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Post COVID-19: 4 Healthcare Consumer Behavior Changes from the Pandemic

Patients in waiting room

Healthcare consumer behavior has changed since the pandemic began and continues to change as the situation evolves into an endemic. 

Over the years, PatientBond has executed several market research studies, but our latest one gives a clearer picture of healthcare consumer behavior during this time and what to expect coming out of the pandemic.

In this blog, we will look at some of the ways healthcare consumer behavior has shifted based on PatientBond market research insights.

Physician trust depends on the psychographic segment.

Healthcare leaders faced numerous challenges in the early pandemic days, but one they continue to face is a lack of trust among a portion of the healthcare consumer population. Much of this is due to inconsistent communication among all healthcare entities, but there are also other factors at play.

In a PatientBond market research study, healthcare consumers were asked for their level of agreement or disagreement with the following statement: My doctor is the most credible authority for my health and wellness needs. In 2018, 61% of the general population strongly agreed/agreed with the statement and now, the number has gone up slightly to 63.7%. When looking at the psychographic segments, which are segments of consumers that are differentiated based on their internal motivations, the data get more interesting.

Among segments, 90% of Direction Takers strongly agree/agree with the statement and are statistically more likely than the others to do so. But Balance Seekers are statistically more likely than the others to disagree/strongly disagree with the statement with 45.5% feeling this way, up from 40% in 2018.

Direction Takers are known to put a lot of trust in their doctors while Balance Seekers are wary of their approaches to care and are willing to look for alternatives. Note, Balance Seekers generally pursue healthy lifestyles; this segment doesn’t avoid health issues, but they are likely to be proactive in an independent and self-reliant manner.

Telehealth is here to stay, but not dominate.

PatientBond predicted telehealth would take off in healthcare in 2020, not knowing that 2 months later it would make an extraordinary leap instead.

Prior to the pandemic, only 8% of Americans tried telehealth and according to PatientBond market research, just 15% of the general population was open to using it in 2018. When PatientBond asked healthcare consumers if they would be willing to use telehealth for care for immediate non-life-threatening issues, 46.1% of the general population said they are extremely/very open and willing to do it, a far cry from several years ago. Among segments, 55.9% of Self Achievers are statistically more likely to do it than all other segments except Balance Seekers (49.5%).

Telehealth may not be as big as it was at the beginning of the pandemic, but it’s not going away with a revenue projection of $20 billion in five years.

There’s more to life than health.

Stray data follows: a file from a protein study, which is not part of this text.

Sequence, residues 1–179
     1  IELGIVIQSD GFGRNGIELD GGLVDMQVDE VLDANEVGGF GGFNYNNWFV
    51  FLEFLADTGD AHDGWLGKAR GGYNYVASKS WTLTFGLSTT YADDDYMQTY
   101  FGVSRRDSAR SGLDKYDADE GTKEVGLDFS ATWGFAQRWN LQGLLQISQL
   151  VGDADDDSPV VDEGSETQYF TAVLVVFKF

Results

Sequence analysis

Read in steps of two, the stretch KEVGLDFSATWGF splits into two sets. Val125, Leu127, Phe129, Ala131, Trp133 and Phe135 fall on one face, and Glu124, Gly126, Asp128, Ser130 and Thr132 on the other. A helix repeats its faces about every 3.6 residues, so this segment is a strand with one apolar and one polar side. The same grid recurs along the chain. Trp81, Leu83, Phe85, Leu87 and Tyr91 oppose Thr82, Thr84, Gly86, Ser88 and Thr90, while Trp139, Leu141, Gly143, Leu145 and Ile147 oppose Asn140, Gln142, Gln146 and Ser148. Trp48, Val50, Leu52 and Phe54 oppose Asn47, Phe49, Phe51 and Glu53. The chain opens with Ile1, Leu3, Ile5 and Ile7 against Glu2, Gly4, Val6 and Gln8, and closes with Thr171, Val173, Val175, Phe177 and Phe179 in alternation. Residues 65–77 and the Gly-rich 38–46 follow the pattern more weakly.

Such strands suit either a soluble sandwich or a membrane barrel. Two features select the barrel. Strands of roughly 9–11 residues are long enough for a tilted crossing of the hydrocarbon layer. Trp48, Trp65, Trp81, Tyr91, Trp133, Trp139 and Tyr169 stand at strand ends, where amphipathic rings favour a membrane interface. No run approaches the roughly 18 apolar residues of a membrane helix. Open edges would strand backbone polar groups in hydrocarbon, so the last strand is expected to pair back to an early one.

Health is important, but when healthcare consumers had to choose between finding contentment in their life and staying healthy during COVID, it changed things.

According to PatientBond market research, when asked about their level of agreement or disagreement with the following statement, There are better things in life to focus on than healthy behavior, 20.5% of the general population strongly agreed/agreed with this statement in 2021. That percentage went up to 24.1% in 2022 with a 5% increase from Willful Endurers (42.6% in 2021 to 47.6% in 2022). This segment is statistically more likely to agree with this statement than any other segment, which makes sense since Willful Endurers’ approach to life and health is to live in the moment. But each segment had a percentage bump in this statement between 2021 and 2022.

As providers and insurers come out of the pandemic, this is a notable statistic considering Willful Endurers make up around a third of healthcare consumers. Messaging and communications need to reflect that while their health is important, there needs to be an understanding about personal motivations and priorities. 

The mindset of taking time off work for illness is changing.

When we asked healthcare consumers their level of agreement or disagreement with the statement, I don't let being sick get in the way of my work, 55.5% of the general population said they strongly agree/agree with this statement, down from 60% in 2018. Healthcare consumers generally seem more willing to address their health issues even if it means taking time from work.

When it comes to this statement, Priority Jugglers are statistically more likely than any other segment to strongly agree/agree with this statement. This makes sense because this segment is motivated by their duty to family and others in their life and willing to forgo their well-being for others. Self Achievers disagree/strongly disagree with this statement more now than they did in 2018, with 24.7% feeling this way in 2022 versus 18% in 2018. Self Achievers are very invested in their health goals and likely felt that more during the pandemic.

COVID changed some aspects of how healthcare consumers navigate their healthcare journey through changes in behavior. As a result, providers and insurers should embrace the motivations that have been enhanced by this time and use them to improve the patient experience through technology. Learn more in our whitepaper, The Current State of Healthcare Consumer Technology.

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